Nature, Humans, and Dogs (?)

Nature has its way of manifesting itself so that people would realize how powerful it is. What I mean is that people – we – take nature for granted: the big tree in the yard that we used to play hide-and-seek on while we were kids, the rivers that we used to bathe in as kids (well, some of us did!), the trees that lined the boulevard and streets, the trees that lined the many roads and avenues of Dumaguete, and so on…

Yes, I, like so many of you out there, take nature for granted. Then, things happen. Things that we’d rather not happen but happen they did, anyway. Things that make one think that nature should not be taken for granted because, when we do, it catches us offhand, unaware.

Of the many instances that make me appreciate nature – and Dumaguete! – the craziest but best memories I could dig up were the following:

My Cebu Life

Back in 2005 to sometime around 2007, I was working in Cebu. Well, I actually started living in Cebu City in April of 2005 because of the review for the board examination. When I got my license (as Chemist) in September, it was but natural that I continue living in Cebu. Of course, jobs for the profession are a dime a dozen in Cebu, whereas, finding one if Dumaguete would be very difficult. It was my luck that by October, I already got a job at a well-known Cement Factory. Cebu, being a highly industrialized business city, is bustling with life but has only about 10-20% greens (plants or trees). The air was so polluted that one could hardly breathe without feeling the grit and smoke of the passing cars.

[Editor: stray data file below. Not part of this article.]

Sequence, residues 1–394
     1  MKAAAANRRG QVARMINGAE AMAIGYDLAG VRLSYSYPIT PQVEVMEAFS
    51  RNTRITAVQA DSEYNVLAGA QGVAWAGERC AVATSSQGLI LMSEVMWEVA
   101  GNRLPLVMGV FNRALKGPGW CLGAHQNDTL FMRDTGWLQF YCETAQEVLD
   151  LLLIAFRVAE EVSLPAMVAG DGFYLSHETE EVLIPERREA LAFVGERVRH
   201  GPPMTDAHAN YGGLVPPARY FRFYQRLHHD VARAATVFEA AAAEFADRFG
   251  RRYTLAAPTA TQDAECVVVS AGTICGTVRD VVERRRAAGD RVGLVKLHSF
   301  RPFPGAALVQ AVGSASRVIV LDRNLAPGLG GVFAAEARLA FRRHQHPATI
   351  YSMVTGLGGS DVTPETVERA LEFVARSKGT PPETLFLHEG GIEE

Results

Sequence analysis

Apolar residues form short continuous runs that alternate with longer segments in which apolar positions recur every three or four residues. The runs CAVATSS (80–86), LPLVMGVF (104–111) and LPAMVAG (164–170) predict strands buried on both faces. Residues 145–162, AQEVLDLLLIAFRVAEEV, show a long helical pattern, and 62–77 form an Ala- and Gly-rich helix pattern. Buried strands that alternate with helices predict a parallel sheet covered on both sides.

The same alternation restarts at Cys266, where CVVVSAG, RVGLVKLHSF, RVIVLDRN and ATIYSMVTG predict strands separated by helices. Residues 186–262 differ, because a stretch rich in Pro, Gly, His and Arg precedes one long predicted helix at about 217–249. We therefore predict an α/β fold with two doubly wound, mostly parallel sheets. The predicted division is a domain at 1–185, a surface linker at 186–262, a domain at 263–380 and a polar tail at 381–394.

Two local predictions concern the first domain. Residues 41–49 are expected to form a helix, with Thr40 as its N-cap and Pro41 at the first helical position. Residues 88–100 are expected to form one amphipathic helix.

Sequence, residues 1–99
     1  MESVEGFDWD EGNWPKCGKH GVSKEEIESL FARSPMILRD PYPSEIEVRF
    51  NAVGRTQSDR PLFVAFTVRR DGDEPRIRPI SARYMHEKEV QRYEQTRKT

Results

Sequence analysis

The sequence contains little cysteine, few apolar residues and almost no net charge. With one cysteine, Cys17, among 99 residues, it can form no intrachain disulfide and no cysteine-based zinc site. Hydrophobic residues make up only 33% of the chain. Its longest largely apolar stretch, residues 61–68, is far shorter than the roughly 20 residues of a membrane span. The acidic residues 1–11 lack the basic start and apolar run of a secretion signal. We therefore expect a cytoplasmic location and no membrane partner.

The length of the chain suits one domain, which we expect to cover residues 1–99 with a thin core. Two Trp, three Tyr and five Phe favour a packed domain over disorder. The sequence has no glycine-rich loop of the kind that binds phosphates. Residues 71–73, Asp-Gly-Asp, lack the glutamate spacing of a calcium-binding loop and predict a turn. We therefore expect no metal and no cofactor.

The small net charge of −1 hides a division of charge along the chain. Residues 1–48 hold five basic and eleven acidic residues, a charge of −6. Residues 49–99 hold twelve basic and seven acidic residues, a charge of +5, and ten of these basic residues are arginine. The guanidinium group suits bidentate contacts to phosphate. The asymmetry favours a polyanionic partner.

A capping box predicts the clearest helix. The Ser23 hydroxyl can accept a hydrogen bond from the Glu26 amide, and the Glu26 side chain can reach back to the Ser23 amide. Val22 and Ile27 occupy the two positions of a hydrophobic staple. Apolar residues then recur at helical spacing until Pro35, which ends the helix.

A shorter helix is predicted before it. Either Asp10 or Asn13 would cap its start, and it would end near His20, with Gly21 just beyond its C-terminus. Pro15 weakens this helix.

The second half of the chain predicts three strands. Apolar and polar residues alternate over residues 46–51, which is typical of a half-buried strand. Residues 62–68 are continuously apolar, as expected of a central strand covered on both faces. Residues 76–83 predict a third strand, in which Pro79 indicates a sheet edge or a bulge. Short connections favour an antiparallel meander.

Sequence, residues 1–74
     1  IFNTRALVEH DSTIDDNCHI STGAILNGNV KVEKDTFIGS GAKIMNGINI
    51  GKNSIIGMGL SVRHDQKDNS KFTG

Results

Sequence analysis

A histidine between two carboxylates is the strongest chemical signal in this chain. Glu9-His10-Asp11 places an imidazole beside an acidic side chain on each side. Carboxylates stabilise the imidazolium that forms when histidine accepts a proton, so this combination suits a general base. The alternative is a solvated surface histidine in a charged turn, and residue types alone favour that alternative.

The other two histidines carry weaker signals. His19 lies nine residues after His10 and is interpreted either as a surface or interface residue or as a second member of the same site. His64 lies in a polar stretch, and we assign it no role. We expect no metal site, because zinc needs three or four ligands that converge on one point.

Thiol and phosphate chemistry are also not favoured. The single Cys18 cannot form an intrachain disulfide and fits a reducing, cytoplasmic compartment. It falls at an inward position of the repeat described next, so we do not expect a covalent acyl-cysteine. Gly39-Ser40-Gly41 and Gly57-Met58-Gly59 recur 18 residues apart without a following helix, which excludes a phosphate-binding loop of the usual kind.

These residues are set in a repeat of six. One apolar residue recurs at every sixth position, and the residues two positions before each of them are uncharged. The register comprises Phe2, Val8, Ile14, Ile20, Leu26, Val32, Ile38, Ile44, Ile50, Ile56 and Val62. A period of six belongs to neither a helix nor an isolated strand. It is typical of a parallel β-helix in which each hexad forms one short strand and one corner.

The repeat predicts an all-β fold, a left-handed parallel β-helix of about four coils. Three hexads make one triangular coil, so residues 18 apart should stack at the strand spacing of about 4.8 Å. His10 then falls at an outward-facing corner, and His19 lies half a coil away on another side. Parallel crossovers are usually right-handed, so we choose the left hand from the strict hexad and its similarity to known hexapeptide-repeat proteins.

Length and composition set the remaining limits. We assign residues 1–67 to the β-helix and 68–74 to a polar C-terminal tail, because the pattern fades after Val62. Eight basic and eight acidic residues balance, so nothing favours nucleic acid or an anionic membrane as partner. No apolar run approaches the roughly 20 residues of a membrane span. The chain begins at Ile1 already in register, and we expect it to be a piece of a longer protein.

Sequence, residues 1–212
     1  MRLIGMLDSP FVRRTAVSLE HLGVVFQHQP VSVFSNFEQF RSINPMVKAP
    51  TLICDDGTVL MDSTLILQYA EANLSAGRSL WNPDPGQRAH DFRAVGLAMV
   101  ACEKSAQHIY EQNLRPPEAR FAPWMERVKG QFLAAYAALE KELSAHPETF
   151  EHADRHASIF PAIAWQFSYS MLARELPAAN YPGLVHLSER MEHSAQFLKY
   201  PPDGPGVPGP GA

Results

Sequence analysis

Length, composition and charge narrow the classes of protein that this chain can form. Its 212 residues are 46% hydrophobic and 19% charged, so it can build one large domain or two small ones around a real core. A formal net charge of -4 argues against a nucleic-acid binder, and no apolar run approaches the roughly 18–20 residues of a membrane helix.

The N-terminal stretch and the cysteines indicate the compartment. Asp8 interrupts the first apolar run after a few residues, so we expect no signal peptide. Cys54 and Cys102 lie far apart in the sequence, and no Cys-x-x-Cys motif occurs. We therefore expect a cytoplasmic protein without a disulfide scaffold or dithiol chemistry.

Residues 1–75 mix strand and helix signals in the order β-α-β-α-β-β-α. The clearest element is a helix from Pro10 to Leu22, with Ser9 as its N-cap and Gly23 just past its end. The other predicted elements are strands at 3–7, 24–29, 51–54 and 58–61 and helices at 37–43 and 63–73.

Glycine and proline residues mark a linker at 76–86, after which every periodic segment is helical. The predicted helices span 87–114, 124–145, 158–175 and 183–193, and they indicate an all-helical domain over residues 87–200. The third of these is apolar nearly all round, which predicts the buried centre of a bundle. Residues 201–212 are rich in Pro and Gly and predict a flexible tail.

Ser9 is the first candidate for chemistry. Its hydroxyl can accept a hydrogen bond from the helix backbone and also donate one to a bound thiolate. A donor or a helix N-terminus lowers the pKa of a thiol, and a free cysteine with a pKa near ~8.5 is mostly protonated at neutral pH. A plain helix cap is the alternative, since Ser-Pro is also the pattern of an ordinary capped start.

Living in San Fernando, Cebu was almost like home – trees, grasses, the beach, and more bushes. Still, because of the cement factory, the air was still grimy plus the place was still almost as hot and humid as the city even when it is 30 km away! I managed to group my days at work so that I work for 10 days straight then have 4 days of rest – enough for me to go home to Dumaguete. Those 4 days were among the most treasured days every two weeks. My  siblings and Bobby (then, my boyfriend) would look at me like I was crazy (well, they actually tell me that I am crazy) because I would spread my arms in the air as we ride our motorcycle home and breathe the air of Negros, of Dumaguete. They would then laugh at me because they say that the air in Dumaguete is polluted but I didn’t care – the air here smelled of trees, of grassses, yes, still of cars and motorcycle exhaust but the smell of the acacia trees overpowers the pollution.

You don’t really believe me? Well, try living in Cebu City for months, then, come back – you’d probably hug a tree when you arrive 😀

Nature Strikes